Alternative Break students help create change in communities
Mar 27, 2019
This year, more than 70 students from IUPUI’s Alternative Break Program traveled across the United States to explore the root causes of social issues and expand their mindsets about everyday challenges others experience.
During spring break, six groups traveled to five major cities to examine community access to health care, disability rights, immigration and social entrepreneurship, urban education and LGBTQ+ issues, food security and redevelopment, prison justice, and gentrification that could lead to health disparities.
Two student groups went to New Orleans while the others explored Atlanta; Washington, D.C.; Charlotte, North Carolina; and Charleston, West Virginia. While learning about their individual topics, participants took part in service and educational activities that best suited the issues they were observing. Some students organized food pantries, while others facilitated programs and visited historical locations, local businesses and organizations that provide support services.
Alternative Breaks is a “by students, for students” IUPUI program – where group leaders, or Alternative Break Scholars, build their designated trips from the ground up. These student leaders develop educational materials for fellow students at each location and lead post-service reflection times about the service performed each day. Reflection helps guide students through critical questions that challenge their previous perspectives of each issue while providing new viewpoints and building community among the participants.
Trip leader Kevin Sanders, whose group traveled to Washington, D.C., to examine health care for those with disabilities, said his trip worked to dismantle stigmas often associated with having a disability. He said they visited lobbyists and trade associations that have an interest in promoting disability policies, organizations that provide access to health care, and nonprofits that fund research and supportive services for people with disabilities, such as the Alzheimer’s Association and the U.S. Access Board.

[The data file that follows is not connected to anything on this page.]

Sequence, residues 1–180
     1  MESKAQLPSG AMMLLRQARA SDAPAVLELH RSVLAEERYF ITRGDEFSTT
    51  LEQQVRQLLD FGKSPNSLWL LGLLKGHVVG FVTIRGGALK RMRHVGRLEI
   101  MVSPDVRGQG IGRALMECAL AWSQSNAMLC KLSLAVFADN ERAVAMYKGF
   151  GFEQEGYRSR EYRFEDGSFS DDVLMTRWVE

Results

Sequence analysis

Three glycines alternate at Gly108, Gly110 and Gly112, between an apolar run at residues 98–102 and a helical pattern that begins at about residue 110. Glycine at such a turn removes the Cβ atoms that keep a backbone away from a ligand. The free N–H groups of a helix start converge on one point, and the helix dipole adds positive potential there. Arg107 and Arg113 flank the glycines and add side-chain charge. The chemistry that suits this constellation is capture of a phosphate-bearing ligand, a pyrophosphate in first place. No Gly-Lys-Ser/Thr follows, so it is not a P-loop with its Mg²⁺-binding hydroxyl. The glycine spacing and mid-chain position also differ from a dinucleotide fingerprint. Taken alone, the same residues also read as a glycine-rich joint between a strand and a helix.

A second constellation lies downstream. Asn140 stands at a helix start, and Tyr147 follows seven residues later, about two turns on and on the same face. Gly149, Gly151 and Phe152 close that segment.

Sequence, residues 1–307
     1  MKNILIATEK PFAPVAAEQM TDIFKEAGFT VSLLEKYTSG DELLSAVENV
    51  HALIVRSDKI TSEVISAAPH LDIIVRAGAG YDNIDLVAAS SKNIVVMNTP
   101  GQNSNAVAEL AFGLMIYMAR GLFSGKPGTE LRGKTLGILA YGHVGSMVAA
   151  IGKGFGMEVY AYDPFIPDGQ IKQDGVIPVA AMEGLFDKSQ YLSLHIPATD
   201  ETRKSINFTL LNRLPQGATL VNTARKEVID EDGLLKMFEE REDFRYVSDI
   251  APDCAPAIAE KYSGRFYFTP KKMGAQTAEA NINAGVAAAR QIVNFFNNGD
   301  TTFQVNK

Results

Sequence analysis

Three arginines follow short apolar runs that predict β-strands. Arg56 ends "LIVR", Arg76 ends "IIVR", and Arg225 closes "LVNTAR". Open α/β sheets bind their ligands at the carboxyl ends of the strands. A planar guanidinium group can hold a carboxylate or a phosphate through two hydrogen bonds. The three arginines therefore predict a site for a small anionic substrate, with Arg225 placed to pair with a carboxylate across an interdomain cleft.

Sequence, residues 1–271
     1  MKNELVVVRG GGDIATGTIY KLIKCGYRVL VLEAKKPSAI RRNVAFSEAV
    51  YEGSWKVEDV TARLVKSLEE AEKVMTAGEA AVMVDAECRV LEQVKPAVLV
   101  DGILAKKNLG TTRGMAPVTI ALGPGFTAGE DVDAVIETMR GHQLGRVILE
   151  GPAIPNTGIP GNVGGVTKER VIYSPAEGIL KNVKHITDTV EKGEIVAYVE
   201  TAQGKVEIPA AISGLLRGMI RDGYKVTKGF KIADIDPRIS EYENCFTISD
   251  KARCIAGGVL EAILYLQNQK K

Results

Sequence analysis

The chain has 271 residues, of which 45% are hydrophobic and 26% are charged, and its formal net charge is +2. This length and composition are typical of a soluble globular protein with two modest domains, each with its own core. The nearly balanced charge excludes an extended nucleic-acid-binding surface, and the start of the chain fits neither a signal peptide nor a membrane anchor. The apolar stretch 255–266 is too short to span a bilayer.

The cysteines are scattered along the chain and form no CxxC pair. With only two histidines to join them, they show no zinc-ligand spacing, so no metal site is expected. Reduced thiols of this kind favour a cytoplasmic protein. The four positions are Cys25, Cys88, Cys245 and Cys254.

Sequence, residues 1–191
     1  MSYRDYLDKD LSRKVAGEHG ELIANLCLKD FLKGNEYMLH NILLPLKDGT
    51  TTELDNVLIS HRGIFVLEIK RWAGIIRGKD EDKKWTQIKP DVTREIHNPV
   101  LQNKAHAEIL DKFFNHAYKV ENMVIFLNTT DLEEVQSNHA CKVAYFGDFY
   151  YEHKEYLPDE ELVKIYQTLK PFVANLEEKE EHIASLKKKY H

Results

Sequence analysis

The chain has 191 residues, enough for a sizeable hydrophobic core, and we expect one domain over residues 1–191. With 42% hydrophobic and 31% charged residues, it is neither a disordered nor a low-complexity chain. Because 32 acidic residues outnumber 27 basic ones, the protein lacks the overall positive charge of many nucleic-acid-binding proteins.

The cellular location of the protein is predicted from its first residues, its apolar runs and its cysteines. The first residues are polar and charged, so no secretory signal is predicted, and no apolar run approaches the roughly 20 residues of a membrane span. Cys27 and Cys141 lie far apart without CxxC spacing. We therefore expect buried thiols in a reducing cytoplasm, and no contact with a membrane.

Sanders explained that his participants learned about legislation up for debate in Congress and discovered obstacles individuals with disabilities must go through to receive health care.
Alternative Breaks Scholar Mariana Lagunas led a group to Atlanta that studied social entrepreneurship and immigration. Lagunas and her fellow students learned about fostering social entrepreneurship from Cox Enterprises, and Global Growers shared with them how the company helps immigrant and refugee communities with sustainable agriculture in Atlanta.
Lagunas’ group performed hands-on services like assembling picnic tables, weeding crop beds and clearing out produce crates for members of the community.
“The whole point is to move students along this active citizen continuum,” Lagunas said. “You have to live a lifestyle based on what you understand, and volunteering is only the first step. We’re hoping to get students from just living to volunteering and becoming active citizens.”